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Google warming up to China again, announces new A.I. center

By Team AA

Google has been a long-time supporter of net neutrality and the general concept of a free and open internet. This is why, seven years ago, Google drastically slashed its business interests in China, even threatening to leave the country entirely: Chinese censorship and government control simply went against the values of Google as an entity, and Google wouldn’t play ball.

But a lot has changed in the past seven years when it comes to China. Now Google may be slowly warming up to the idea of doing major business there again…however reluctantly.

Today, Google announced that it will be opening a Chinese research and development center focused on artificial intelligence. While this move is not as much a reversal of policy as something like bringing the Google Play Store to China, or even having Google.cn not automatically forward you to the Hong Kong variant, it is a clear sign that Google has not been blind to China’s growth as a tech powerhouse.

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In the world of smartphones, we’re becoming more and more used to Chinese technology companies competing with popular global brands, but we also know that the pendulum doesn’t necessarily swing both ways. The Chinese government’s “Great …

In fact, China’s work in the artificial intelligence industry has been monumental, a direct result of the government investing substantial amounts of money into research. The country intends to become the global center for A.I. tech within the next 15 years.

Although Google’s headquarters is here in the United States, government science funding has been slashed domestically, so the talent and resources are flocking to places like Beijing where the money flows freely. If Google wants the best people in A.I., it has no choice but to have a presence in China.

The two people tapped to run Google’s Chinese A.I. center are Fei-Fei Li, who currently runs the artificial intelligence sector of Google’s Cloud business, and Jia Li, who also works with Google Cloud. Both are of Chinese descent and are Stanford University alumnae.

“Whether a breakthrough occurs in Silicon Valley, Beijing, or anywhere else, it has the potential to make everyone’s life better for the entire world,” Fei-Fei Li wrote on Google’s blog. “As an A.I. first company, this is an important part of our collective mission. And we want to work with the best A.I. talent, wherever that talent is, to achieve it.”

There’s no question that Google’s refusal to work in China has cost it billions of dollars. With one billion mobile phone users in the country, the lack of Google products like search, Gmail, YouTube, and the Google Play Store, has forced citizens to use competitor’s products. With today’s announcement, the tech industry will be watching closely to see whether Google’s hard stance on Chinese ethics will soften.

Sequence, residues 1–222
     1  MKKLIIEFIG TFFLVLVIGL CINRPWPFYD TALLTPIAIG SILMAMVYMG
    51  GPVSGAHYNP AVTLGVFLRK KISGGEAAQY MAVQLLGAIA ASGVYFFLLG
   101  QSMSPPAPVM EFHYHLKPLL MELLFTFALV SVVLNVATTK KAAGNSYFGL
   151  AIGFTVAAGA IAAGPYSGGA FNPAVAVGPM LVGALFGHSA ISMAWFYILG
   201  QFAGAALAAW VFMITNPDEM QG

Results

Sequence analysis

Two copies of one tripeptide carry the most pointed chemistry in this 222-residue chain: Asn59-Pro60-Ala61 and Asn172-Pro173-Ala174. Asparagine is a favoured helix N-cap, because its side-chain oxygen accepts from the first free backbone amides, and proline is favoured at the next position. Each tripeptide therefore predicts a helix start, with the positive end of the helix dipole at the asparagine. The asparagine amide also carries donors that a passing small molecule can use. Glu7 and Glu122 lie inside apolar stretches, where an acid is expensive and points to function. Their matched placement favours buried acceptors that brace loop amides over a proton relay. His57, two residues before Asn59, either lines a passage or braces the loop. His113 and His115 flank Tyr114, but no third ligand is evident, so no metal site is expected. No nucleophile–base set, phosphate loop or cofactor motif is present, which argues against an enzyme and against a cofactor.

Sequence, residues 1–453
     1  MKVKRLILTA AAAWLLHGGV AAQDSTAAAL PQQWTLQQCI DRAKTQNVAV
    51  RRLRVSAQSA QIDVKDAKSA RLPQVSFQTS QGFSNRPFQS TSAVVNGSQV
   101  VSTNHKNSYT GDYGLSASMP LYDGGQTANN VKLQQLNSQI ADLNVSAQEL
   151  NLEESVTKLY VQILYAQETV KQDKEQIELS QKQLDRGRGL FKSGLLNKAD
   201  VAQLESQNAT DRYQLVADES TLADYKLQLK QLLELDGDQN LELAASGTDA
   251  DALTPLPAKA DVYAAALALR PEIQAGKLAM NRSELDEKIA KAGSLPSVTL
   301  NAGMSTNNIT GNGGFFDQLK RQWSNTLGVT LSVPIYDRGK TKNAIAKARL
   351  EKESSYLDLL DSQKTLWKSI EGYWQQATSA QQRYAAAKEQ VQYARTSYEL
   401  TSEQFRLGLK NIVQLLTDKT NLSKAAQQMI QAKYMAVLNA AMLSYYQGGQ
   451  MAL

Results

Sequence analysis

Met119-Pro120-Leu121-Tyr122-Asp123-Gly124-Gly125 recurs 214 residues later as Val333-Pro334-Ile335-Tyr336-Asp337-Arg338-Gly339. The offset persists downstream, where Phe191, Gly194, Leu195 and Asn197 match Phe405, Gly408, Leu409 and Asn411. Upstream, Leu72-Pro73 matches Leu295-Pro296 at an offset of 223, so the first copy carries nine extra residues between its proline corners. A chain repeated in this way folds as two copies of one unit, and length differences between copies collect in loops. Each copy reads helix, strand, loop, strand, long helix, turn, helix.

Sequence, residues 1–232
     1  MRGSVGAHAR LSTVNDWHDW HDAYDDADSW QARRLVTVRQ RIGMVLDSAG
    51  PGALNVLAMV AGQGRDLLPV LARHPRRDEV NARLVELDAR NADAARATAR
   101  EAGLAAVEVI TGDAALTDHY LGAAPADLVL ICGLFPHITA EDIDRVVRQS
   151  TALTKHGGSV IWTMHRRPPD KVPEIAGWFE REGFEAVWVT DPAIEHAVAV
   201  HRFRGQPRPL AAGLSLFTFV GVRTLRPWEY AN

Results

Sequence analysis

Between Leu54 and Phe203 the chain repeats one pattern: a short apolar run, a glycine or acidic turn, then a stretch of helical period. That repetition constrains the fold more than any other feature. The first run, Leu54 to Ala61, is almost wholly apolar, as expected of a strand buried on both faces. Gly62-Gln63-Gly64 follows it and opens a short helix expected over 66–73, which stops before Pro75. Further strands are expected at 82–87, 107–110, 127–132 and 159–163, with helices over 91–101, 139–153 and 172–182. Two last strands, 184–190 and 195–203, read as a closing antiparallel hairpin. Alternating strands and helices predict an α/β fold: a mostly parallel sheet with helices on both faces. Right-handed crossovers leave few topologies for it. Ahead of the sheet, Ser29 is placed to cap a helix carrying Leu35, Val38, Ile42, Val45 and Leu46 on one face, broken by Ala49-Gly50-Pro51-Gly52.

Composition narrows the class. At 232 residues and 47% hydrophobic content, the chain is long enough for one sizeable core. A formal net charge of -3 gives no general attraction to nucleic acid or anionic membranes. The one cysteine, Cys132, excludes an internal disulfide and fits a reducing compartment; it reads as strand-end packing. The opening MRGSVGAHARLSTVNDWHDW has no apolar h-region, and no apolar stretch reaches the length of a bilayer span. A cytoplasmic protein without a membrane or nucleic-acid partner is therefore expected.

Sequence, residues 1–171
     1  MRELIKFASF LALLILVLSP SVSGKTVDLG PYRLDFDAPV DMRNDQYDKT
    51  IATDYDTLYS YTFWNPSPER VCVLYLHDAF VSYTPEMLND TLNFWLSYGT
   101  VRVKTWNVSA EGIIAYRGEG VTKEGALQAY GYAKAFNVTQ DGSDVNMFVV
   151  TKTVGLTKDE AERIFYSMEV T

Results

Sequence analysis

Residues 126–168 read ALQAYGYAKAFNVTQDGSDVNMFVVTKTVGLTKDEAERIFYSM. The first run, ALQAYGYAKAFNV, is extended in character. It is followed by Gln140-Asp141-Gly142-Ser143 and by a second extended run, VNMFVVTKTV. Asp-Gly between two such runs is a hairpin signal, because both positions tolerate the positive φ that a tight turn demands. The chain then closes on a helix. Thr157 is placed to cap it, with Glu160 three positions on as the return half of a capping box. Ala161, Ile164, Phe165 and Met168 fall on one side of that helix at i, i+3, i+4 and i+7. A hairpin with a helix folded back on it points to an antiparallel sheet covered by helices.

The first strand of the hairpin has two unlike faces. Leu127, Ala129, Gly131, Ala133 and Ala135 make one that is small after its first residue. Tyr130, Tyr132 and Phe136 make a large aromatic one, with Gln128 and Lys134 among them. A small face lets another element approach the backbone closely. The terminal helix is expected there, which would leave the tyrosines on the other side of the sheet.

…read more

Source:: android authority


Deal: Get the Moto X4 for just $339 at Best Buy

By Williams Pelegrin

It might have represented a big departure from previous Moto X phones, but we concluded that the Moto X4 still hits all the right marks without sacrificing too much. That being said, it never hurts to see a $60 price drop, something that Best Buy was more than happy to deliver as a doorbuster deal.

From now until the end of the day, you can pick up the Moto X4 for $340. Keep in mind that this is not the Android One version, nor is it the unlocked version with Amazon ads — this is the regular unlocked version. That means you can take the phone to all four major US carriers and have it work, though how successful you’ll be with the likes of Verizon and Sprint depends on who you talk to.

Either way, the Moto X4 is a capable smartphone. The phone sports a 5.2-inch 1920 x 1080 resolution display, with a fingerprint sensor that supports gestures sitting at the bottom. Above the display is the earpiece that doubles as a front-facing speaker, as well as the front-facing 16 MP camera. Around back, you’ll find a 12 MP primary sensor and an 8 MP secondary sensor for wide-angle and portrait shots.

Editor’s Pick

Deal: Motorola is discounting its phones by up to $150

With the holidays inching closer, the deals are heating up. We recently told you about Amazon putting some of its Prime Exclusive devices on sale and Verizon discounting the Pixel 2 and Pixel 2 XL …

Under the hood, Qualcomm’s Snapdragon 630 processor and 3 GB of RAM power the Moto X4, with the 32 GB of internal storage backed up by a microSD card slot. The 3,000 mAh battery is large enough to last you all day, and you can use the USB Type-C port to rapidly charge the phone.

As we’ve discovered in our review, the cameras aren’t great and battery life is in the middle of the pack, but found the performance to be just fine, thanks to Motorola’s lean implementation of Android 7.1.1 Nougat. Updates won’t be the fastest, given Motorola’s reputation under Lenovo’s command, but they will arrive.